Private taxis in Niamey are numerous and inexpensive. There is also a long-distance bus system that services main routes which is only used by a few Americans.
International flights are available to capitals of neighboring francophone countries and to Europe. Niamey is a six-hour flight from Paris. Currently, the major foreign flag airlines servicing Niamey are Air Afrique, Air France, Royal Air Maroc, and Ethiopian Airlines. Air travel is expensive in Africa—a ticket from Niamey to Paris costs about 50 percent more than a ticket from Paris to New York. There is currently no scheduled local air service to Niger's major cities.
Niger's road network, totaling approximately 10,000 kilometers, is still rudimentary and the country has about 2,500 kilometers of paved inter-urban roads. A paved road extends west-east from Tillaberi through Niamey to Nguigmi, near Lake Chad. A second major paved road links Niamey through Agadez to the uranium mining region of Arlit. Stretches of washboard surfaces alternate with drifted sand and dirt, and some sections are inaccessible during part of the rainy season. Niamey itself has paved roads linking sections of the city, although, most houses are serviced by dirt roads.
Telephone, Fax, and Telegraph
Niamey has adequate telephone, telegraph, and fax facilities. Direct-dial is possible from Niamey to Europe, the U.S., and other parts of Africa (excluding 800 numbers and collect calls), but is very expensive. A direct-dial call from the U.S. to Niger is less than half the cost of a call the other way around. Individuals coming to Niamey should explore U.S. dial-back telephone services.
Radio and TV
Radio Niger (ORTN) broadcasts in French and in local languages (primarily Hausa and Djerma) from morning to night on medium and shortwave channels. Voice of America (VOA) and the British Broadcasting Corporation (BBC) reception is also good. There are private stations and Radio France International (RFI) on FM that broadcast in French. Battery-operated radios may be used, but others must be able to operate on 220v current or have a step-down transformer.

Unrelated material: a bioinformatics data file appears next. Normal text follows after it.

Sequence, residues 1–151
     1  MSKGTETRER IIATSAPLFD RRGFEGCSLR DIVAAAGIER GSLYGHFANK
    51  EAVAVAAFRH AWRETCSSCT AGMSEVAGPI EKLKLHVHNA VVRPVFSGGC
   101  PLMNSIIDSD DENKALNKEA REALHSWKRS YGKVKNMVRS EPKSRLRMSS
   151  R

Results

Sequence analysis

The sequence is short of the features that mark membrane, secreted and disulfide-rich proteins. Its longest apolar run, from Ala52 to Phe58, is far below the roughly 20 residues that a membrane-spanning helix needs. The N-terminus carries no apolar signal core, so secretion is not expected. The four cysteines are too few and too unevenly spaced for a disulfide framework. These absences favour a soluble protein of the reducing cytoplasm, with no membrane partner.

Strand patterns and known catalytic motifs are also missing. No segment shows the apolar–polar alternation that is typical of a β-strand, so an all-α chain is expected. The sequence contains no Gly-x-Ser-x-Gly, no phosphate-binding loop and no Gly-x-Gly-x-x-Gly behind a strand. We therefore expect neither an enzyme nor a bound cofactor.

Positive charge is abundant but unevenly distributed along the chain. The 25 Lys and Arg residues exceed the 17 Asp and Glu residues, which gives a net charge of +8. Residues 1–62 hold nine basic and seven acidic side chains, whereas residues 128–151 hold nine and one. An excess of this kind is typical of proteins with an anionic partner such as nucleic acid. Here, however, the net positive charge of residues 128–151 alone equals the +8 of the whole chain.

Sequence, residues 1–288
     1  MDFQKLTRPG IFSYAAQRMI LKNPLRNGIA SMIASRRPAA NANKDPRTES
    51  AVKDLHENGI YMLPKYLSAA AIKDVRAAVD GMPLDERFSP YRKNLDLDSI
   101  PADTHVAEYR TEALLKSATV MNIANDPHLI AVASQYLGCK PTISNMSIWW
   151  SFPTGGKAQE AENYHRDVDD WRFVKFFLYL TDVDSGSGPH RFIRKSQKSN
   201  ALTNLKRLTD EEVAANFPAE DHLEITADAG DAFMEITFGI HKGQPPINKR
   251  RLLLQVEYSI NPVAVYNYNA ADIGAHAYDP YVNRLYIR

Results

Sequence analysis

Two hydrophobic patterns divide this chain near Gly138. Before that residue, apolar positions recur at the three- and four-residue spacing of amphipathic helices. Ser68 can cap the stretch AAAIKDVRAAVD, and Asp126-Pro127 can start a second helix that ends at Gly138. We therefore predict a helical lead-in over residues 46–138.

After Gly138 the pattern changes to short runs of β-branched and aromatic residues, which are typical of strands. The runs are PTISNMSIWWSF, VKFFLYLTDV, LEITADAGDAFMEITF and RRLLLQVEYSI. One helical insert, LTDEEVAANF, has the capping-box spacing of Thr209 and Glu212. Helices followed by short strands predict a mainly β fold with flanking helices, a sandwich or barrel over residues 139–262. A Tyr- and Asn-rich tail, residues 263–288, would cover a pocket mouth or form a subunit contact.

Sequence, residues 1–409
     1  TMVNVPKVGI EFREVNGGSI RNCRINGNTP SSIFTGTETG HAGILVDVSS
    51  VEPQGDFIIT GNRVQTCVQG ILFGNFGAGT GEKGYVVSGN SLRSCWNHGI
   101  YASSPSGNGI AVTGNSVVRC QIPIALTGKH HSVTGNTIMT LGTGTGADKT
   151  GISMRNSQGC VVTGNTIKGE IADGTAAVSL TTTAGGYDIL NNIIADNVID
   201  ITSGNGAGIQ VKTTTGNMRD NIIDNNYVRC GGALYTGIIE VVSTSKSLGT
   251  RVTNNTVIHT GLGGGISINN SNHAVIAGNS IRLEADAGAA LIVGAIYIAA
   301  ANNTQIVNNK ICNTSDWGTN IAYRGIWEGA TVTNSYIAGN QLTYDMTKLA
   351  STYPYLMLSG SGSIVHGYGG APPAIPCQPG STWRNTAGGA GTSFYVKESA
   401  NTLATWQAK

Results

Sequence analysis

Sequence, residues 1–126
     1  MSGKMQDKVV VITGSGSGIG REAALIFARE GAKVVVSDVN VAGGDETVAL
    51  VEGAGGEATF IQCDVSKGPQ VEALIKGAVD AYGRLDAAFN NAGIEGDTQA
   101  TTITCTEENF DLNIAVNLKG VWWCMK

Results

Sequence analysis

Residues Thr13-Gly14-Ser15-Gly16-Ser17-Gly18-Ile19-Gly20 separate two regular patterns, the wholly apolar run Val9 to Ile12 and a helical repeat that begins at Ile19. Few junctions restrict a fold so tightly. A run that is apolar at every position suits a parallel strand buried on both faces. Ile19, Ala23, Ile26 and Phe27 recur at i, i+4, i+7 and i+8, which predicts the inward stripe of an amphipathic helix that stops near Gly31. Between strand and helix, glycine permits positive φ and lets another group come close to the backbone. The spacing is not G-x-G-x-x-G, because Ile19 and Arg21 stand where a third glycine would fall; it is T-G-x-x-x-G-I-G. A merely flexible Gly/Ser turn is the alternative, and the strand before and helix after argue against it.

The Nigerien Government operates a single-channel national TV network seven evenings a week. Most of the programs are educational and are broadcast in the various languages of the country. Each day's programming normally includes one film or sports event of French origin. U.S.-manufactured TV sets will not receive broadcasts from the Niger TV station. Niger's color TV system is SECAM D/K. (Note: It is not the SECAM L system which is the system used in France).
Newspapers, Magazines, and Technical Journals
The government publishes a daily newspaper, Le Sahel, in French, which covers selected local, African, and international news. There are also six additional private newspapers, some published daily and others weekly. Most well-known international periodicals can be bought in Niamey, including Time, Newsweek, Le Monde, Le Point, Jeune Afrique, The Economist, and the International Herald Tribune.